Lin's poor health last season is cause for concern—he only played 883 minutes, the fewest since his rookie season with Golden State—and would give the Cavs pause about forking over a valuable future asset to get him. But if healthy, he's dynamic enough to tip the scales as a potential one-year rental. As he proved with the Charlotte Hornets as Kemba Walker's backup, Lin can co-exist beside another ball-dominant ball-handler. Assuming he's healthy, Lin can alleviate Irving's stress, lower his minutes, and let him float around when both share the floor throughout the regular season and first three rounds of the playoffs.
In what feels like an inevitable Finals rematch against the Warriors, Lin should be able to affect the game regardless of the pace. If the Cavaliers are unable/unwilling to slow it down, Lin gives them another open-floor finisher who threatens backpedaling defenders as a scorer and passer. He can be the two guard in lineups that feature Irving, LeBron, J.R. Smith, and a big.
But Lin can also help out in a sludgy setting. Nearly a quarter of his points have come at the free-throw line over the past four years; he'd be another reasonably reliable iso-creator who doesn't need a screen to weave his way into the paint, but can also crouch-dribble off a screen to find cutters, rollers, and spot-up threats.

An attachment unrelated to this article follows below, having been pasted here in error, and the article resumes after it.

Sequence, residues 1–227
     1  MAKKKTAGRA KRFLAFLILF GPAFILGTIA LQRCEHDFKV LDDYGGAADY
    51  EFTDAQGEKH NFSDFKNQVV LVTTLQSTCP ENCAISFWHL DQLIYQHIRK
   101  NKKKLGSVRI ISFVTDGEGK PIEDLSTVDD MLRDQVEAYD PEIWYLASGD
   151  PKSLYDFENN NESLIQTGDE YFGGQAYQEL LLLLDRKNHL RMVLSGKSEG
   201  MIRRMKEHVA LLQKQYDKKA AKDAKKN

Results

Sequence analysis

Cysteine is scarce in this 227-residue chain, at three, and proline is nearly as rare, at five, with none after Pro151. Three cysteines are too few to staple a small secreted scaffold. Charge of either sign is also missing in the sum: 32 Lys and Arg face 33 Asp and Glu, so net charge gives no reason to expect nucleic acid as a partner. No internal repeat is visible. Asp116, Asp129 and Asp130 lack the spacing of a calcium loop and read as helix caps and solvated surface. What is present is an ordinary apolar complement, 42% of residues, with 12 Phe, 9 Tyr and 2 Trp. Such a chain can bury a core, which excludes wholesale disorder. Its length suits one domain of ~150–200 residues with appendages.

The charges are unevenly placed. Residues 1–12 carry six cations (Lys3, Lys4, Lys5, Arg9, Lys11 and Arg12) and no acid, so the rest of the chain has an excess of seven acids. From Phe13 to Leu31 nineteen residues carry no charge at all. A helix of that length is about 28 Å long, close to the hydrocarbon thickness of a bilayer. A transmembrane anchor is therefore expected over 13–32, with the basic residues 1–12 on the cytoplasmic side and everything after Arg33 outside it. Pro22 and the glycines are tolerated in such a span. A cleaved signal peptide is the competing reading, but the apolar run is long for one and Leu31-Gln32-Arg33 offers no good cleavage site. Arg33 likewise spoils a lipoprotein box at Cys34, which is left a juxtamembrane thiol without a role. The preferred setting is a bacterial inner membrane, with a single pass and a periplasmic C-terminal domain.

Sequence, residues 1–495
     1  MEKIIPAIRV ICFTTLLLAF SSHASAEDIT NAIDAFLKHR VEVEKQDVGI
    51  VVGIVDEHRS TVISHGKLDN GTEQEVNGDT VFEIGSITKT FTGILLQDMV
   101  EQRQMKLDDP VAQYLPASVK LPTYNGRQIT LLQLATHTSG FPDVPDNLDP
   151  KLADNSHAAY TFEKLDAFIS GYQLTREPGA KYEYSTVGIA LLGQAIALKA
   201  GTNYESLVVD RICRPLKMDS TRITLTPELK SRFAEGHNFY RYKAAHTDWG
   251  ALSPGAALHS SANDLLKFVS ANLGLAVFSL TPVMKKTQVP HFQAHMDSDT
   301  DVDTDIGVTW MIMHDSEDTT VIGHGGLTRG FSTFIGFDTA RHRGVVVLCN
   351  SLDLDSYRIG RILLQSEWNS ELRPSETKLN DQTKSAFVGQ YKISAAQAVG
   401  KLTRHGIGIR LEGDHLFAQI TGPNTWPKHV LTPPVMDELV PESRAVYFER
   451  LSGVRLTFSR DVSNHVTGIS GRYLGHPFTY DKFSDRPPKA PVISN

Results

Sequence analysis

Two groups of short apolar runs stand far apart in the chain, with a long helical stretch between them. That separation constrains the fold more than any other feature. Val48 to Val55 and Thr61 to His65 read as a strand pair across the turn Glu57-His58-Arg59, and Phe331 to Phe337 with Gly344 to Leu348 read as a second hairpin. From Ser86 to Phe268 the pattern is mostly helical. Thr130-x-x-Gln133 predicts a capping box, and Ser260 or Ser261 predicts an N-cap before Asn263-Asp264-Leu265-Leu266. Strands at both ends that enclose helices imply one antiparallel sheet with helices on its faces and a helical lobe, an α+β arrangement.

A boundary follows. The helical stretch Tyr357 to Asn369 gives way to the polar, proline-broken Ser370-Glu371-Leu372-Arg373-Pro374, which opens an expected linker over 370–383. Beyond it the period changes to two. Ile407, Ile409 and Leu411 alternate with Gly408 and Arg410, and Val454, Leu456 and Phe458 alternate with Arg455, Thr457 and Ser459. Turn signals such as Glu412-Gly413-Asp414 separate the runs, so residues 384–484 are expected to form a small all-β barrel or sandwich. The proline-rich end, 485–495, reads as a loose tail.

In those small lineups where James is at the four (or five), Lin handling a high screen-and-roll while LeBron sets a pick with three shooters dotting the perimeter would be another wrinkle for Cleveland to unleash in the half-court. He's a relentless downhill scorer who doubles as a set-up man, and can provide the type of offense against second units that lets James rest more than he did this year.
Cleveland's philosophy since they signed the world's best player has been to surround him with guys who don't need the ball to impact the game (like Iman Shumpert), but as James heads into his 15th season—the same number Jordan played—it may not be a terrible idea to add a creator who's most comfortable directing traffic.
The Nets signed Lin to a three-year, $36 million contract because he's good and they had money to burn, but beyond his status as a marketable figure, his place in Brooklyn doesn't fit their timeline. They'd do this deal for a couple reasons. First, the top-10 protected Cavaliers pick in 2021 is an asset they'd obviously love to have. Second, with their own first-round pick finally available in 2019, Brooklyn should try and be as bad as they can that year.
Re-signing a 30-year-old point guard doesn't make a lot of sense, and neither does losing him for nothing if he opts out of his contract next summer. Swapping him for a future first would be sweet, and it's probable the Nets soon move on from Brook Lopez as well.
Lin's addition would enhance Ty Lue's playbook—Love would be a perfect pick-and-pop partner—while the defensive drop off from Shumpert wouldn't be catastrophic. In a summer where they need to add more talent, this trade is one direction the Cavaliers can go.